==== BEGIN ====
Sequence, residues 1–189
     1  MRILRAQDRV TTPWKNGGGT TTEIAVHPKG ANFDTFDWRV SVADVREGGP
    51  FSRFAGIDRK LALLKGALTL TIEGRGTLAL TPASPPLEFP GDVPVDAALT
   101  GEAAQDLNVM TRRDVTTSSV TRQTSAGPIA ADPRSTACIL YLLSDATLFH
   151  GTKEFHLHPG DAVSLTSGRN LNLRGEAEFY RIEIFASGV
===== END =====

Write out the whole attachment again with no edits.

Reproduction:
Sequence, residues 1–189
     1  MRILRAQDRV TTPWKNGGGT TTEIAVHPKG ANFDTFDWRV SVADVREGGP
    51  FSRFAGIDRK LALLKGALTL TIEGRGTLAL TPASPPLEFP GDVPVDAALT
   101  GEAAQDLNVM TRRDVTTSSV TRQTSAGPIA ADPRSTACIL YLLSDATLFH
   151  GTKEFHLHPG DAVSLTSGRN LNLRGEAEFY RIEIFASGV